C’mon, Joanne Kathleen, no takebacksies: An open letter

Dear Joanne Kathleen Rowling,

Joanie. Honey. Darling. I love and respect you (we all do), but these waves of “revelations” about the Harry Potter series need to end now, before the J.K. in your name really does start to stand for “just kidding,” as I mistakenly assumed it had for a solid 12 years of my life. Pro tip: The time to have unfounded misgivings about character development choices is during the actual writing process.

For those who haven’t a clue to what I’m referring, J.K. Rowling recently let out in an interview that she feels Harry and Hermione should have ended up together, and not Ron, who would, presumably, be left with two options without revising literally the entire series: marry his sister, Ginny (a lovely girl, I’m sure, but something tells me her audience wouldn’t be so receptive to the idea) or to become the most pathetic and red-headed third wheel in literary history. This is not the first time J.K. Rowling has come out and “revealed” something about the Harry Potter universe to which her collective fandom responded “whaaaa?”, though it is perhaps the most consequential. Last time, Rowling decided that we all needed to know that beloved headmaster Albus Dumbledore was, in fact, a homosexual, and the non-bigots of the world responded with a resounding “and this changes, what, exactly?”* This new revelation, on the other hand, is the story-writing equivalent of handing in a test and decades later wishing that on the multiple choice question, “Who was the first president of the United States?”, she had not selected “A) George Washington” but instead “B) Benedict Arnold” because in her later years she identified more with his inner struggle. The story is over and done with, and we liked it the way you wrote it the first time, thankyouverymuch. In the immortal words of aphoristic twitter genius @ninjasexparty, “If you love something, let it go (If it comes back, it is yours. If it does not, it’s probably because you suck).”

Joanne, you’re on the verge of George Lucas-ing, which is to say shaping and enriching my childhood in 30 thousand ways only to spend the rest of your life actively trying to destroy it. Greedo shot first, George? Really? We won’t even get into Jar-Jar Binks, the ’N SYNC cameo that almost happened, the wretched “graphics enhancements,” or the incredibly uncomfortable pseudo-eugenics/elitism discourse that midichlorians as genetically responsible Force creators generates. And we certainly won’t speak of you literally destroying the original Indiana Jones movies. But I digress.

Putting Harry and Hermione together as lovers is ultimately an act of injustice not towards us, but towards Ron Weasley. You, J.K., claim that you put Ron and Hermione together as an act of “wish-fulfillment, for reasons having very little to do with literature and more to do with clinging to the plot as [you] first imagined it,” but the fact of the matter is: all writing is, in one way or another, wish-fulfillment, and personal reasons are no less valid than “reasons of credibility.” Credibility? In a world with magic, dragons, flying cars and wizards, you find the fact that a brilliant, pretty girl like Hermione would love a rambunctious, humble, straight-up human person like Ron, incredible? What is incredible, if we’re gonna talk this talk, is that an orphaned child who has experienced years of domestic and emotional abuse, multiple murder attempts, and unbelievable amounts of stress (having the weight of the entire world on one’s shoulders) would experience not only zero PTSD but also “be able to make Hermione happy in a way that Ron could not.”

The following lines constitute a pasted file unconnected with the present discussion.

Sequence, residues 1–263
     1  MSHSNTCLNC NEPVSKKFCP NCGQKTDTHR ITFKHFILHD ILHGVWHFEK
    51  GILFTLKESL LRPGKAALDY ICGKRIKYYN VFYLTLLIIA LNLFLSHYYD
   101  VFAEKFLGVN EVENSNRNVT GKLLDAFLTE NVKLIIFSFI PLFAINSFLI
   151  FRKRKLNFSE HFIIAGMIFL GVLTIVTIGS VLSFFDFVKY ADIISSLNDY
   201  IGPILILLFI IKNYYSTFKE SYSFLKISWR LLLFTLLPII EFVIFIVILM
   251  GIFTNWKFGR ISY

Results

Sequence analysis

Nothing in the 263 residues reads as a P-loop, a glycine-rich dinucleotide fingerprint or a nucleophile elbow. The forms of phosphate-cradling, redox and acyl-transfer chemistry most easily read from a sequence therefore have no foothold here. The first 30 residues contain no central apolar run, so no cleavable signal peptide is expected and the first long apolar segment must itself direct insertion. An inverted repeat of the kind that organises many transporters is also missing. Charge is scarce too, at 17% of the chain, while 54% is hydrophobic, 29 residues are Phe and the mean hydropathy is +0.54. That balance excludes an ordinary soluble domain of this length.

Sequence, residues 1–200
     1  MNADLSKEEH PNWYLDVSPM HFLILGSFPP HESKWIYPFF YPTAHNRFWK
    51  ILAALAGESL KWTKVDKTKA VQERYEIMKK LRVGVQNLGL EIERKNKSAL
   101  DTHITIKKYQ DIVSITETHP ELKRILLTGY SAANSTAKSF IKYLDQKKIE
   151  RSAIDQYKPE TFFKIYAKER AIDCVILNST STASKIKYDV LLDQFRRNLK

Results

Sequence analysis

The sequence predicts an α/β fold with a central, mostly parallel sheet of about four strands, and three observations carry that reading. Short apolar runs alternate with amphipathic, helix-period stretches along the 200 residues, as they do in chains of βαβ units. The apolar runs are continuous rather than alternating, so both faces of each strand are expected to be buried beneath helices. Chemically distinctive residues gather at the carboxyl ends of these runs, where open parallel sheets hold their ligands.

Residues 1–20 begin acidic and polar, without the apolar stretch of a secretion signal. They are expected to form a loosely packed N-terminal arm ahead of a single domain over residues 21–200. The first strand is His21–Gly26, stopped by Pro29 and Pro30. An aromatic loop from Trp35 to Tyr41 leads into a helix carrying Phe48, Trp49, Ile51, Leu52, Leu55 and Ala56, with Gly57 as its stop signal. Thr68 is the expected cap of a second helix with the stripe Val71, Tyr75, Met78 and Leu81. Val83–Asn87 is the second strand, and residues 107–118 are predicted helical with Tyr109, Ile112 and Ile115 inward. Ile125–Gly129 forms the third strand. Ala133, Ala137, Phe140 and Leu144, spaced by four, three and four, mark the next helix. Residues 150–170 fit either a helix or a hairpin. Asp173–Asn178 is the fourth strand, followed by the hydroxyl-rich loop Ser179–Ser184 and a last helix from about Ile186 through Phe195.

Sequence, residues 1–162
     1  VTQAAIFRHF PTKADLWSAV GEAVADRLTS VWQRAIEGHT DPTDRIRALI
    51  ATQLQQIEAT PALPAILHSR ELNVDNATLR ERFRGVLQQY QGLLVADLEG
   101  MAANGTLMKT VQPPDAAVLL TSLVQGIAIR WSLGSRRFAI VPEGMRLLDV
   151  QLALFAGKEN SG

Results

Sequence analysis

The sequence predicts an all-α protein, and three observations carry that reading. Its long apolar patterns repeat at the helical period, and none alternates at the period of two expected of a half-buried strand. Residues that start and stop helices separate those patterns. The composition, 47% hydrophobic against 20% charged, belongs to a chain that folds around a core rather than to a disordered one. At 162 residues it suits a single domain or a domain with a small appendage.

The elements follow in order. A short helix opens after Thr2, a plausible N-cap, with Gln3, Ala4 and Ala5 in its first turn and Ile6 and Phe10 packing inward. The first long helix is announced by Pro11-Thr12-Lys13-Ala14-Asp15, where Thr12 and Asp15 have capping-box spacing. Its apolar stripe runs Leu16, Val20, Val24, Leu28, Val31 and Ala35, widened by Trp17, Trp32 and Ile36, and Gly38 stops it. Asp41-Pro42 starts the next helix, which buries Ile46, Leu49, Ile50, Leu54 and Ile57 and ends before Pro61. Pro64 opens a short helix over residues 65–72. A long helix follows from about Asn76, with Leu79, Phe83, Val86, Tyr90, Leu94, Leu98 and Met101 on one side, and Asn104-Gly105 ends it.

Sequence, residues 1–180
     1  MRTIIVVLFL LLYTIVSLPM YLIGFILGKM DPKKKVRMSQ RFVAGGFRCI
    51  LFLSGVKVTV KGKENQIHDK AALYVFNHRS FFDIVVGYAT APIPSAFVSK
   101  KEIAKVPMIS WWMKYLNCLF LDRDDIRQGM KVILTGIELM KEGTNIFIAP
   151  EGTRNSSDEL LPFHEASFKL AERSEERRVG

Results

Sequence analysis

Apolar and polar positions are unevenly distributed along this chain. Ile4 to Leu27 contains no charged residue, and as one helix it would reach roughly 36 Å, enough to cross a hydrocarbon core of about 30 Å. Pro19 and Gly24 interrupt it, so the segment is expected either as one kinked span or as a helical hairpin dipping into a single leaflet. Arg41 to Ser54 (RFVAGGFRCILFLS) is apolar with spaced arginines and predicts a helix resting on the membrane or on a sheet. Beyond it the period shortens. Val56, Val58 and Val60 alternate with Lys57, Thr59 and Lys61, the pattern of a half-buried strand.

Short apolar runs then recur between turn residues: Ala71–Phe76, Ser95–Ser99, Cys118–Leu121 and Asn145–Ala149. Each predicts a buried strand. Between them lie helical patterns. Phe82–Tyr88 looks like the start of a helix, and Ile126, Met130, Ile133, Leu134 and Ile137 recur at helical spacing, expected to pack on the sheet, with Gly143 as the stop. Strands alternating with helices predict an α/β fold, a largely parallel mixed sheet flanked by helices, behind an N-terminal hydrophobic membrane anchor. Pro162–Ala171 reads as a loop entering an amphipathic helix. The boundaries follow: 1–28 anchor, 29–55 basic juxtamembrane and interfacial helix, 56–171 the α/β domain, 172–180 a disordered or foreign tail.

You also claim that you had wanted to kill off Ron much earlier but changed your mind. What the hell have you got against the poor pimply bastard? You aren’t George R. R. Martin, and you shouldn’t strive to be. You are the author, you wanted to write it that way, and so you did. A crucial part of Harry and Ron’s developing relationship throughout the years is their grappling with Ron’s insecurity as being neither the destined nor the brilliant part of the trio. In other words, Ron is us. My mother always says (and so does yours, I bet), that when you’re unsure, go with your first instinct because it’s always right. It is. And it was. So Joanne, leave Harry behind, it’s time to move on.


Your dedicated reader,

Joshua Multer


*Aside from the counterproductive detail it adds to Albus’ backstory regarding his (now also sexual) relationship with the dark wizard Grindelwald, as highly personal detail appears wholly out of place in a narrative which otherwise serves as an effective critique of the media’s probing obsession with celebrity figures and simultaneous refusal to acknowledge their basic humanity.

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